While the Kosovo intervention itself may have been a humanitarian success, the post-conflict political development of the province indicates that the strategy remains incomplete, with an uncertain and underdeveloped end game.
The intervention in Libya seems to be playing out similarly to the initial, positive phase of the Kosovo operation. Airstrikes by the US and its partners have certainly prevented a massacre in Benghazi and eastern Libya and significantly degraded Gaddafi's ability to repress the revolt. However, there are also parallels to the leadership issues that bedevilled post-conflict Kosovo - the Libyan opposition is inexperienced, leadership is unclear, and the movement shows more heart than organization.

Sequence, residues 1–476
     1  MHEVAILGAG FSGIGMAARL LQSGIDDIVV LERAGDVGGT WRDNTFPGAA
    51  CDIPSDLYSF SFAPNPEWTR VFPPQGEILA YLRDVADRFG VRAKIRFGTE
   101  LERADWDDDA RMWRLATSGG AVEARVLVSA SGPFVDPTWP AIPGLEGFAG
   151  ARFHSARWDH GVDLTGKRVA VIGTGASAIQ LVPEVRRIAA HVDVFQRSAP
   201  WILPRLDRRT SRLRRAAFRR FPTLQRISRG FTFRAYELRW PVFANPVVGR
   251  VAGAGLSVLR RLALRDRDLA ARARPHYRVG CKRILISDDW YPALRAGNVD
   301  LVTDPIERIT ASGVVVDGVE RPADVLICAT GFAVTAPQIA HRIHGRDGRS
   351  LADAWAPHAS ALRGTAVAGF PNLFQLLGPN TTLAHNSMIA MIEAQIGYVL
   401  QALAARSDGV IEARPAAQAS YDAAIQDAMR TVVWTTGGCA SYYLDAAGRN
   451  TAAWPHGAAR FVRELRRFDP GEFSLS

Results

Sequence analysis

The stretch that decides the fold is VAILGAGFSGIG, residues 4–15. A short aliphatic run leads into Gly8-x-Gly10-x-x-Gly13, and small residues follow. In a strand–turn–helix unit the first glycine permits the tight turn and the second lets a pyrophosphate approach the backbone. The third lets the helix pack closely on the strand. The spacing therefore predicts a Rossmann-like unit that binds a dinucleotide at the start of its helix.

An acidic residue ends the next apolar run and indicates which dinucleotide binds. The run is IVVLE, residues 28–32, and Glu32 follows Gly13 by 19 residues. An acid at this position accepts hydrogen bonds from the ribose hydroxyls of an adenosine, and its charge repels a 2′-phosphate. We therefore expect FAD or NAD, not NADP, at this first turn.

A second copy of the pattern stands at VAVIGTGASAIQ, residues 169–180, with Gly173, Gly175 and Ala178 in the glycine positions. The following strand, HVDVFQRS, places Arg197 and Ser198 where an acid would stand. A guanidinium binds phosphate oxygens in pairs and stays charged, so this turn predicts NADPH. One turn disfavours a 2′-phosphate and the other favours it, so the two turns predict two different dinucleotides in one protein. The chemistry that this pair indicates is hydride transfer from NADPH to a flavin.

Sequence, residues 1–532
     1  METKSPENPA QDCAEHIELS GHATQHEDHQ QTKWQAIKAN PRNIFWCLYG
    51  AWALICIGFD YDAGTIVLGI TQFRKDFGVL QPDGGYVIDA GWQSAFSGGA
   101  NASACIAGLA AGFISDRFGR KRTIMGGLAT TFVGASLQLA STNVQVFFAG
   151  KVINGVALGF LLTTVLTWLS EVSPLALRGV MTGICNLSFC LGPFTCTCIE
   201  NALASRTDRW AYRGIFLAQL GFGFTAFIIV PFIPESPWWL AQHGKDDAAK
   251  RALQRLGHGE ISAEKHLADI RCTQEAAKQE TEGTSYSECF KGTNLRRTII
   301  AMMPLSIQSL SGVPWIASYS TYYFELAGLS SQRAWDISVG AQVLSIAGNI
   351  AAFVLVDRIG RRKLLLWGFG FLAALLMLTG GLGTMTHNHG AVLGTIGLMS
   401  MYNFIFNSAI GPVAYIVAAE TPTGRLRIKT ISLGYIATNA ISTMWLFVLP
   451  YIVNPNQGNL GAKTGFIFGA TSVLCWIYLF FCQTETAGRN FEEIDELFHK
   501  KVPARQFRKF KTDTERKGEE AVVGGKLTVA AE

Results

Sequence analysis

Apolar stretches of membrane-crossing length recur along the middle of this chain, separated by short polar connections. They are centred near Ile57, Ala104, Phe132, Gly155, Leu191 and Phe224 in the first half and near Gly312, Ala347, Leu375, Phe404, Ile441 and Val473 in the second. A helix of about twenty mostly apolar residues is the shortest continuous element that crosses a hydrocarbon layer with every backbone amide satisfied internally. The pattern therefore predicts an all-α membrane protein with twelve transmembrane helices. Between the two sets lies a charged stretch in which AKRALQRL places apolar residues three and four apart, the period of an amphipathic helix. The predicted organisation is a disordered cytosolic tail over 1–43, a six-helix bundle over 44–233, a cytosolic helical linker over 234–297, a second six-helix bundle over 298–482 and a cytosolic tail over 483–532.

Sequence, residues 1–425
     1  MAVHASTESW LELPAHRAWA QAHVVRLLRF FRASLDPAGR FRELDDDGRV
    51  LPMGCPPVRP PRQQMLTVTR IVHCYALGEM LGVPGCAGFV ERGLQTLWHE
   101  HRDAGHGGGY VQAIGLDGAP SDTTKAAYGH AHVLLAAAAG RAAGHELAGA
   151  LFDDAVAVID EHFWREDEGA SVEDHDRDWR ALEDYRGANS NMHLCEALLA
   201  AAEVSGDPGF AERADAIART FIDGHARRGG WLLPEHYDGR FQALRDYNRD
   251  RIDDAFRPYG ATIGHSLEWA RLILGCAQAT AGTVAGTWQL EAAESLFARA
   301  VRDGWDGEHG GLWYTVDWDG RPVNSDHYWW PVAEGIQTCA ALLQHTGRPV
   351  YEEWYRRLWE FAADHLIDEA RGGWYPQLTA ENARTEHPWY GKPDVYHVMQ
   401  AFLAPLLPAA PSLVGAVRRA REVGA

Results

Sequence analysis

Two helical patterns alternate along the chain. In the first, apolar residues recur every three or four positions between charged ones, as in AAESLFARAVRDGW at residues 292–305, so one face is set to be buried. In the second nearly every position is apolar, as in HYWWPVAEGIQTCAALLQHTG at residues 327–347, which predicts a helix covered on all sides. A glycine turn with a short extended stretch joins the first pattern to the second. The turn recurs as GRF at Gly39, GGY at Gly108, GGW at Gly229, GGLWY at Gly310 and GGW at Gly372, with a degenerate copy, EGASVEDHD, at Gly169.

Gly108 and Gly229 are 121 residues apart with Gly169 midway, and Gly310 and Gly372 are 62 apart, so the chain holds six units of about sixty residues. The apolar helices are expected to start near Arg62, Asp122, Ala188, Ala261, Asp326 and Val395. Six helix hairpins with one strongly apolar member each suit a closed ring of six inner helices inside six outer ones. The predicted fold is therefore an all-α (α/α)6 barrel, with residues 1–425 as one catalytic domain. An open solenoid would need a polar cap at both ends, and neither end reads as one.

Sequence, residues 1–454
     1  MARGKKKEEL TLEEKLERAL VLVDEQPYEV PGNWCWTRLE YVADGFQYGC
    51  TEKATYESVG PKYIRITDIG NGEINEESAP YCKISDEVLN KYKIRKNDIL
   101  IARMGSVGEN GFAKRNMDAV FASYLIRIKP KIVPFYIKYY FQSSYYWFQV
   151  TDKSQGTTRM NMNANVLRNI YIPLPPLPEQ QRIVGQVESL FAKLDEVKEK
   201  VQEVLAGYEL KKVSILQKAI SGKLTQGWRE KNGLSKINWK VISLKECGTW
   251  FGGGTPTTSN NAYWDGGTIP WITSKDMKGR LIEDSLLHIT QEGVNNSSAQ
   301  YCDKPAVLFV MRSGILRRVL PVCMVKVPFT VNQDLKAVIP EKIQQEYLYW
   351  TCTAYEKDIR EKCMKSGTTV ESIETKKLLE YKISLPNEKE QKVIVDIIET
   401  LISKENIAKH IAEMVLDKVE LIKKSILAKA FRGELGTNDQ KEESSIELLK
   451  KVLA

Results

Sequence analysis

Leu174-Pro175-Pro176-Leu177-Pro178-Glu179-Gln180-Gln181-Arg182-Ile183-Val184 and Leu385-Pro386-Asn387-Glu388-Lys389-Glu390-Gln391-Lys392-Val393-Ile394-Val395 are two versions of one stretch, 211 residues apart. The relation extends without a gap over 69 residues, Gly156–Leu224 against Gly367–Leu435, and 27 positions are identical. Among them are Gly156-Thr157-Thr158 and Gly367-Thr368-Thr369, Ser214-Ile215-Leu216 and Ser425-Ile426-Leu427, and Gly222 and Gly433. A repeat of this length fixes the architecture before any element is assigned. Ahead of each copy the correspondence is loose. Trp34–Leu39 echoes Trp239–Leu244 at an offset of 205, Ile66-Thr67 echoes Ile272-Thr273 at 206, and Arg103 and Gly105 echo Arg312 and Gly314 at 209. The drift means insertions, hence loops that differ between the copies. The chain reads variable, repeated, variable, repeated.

Fortunately, this is generally recognized, even by the Libyans themselves, and the awareness of past mistakes in post-conflict stabilization is driving both analysts and practitioners to examine how to ensure transition from an odious, oppressive regime into a political system consistent with Libyans' expectations and international norms. While the outcomes in Libya remain uncertain, one thing is clear: achieving clean and positive results will require a great deal of forethought and study from security and foreign policy leadership. Let us hope they are doing their homework.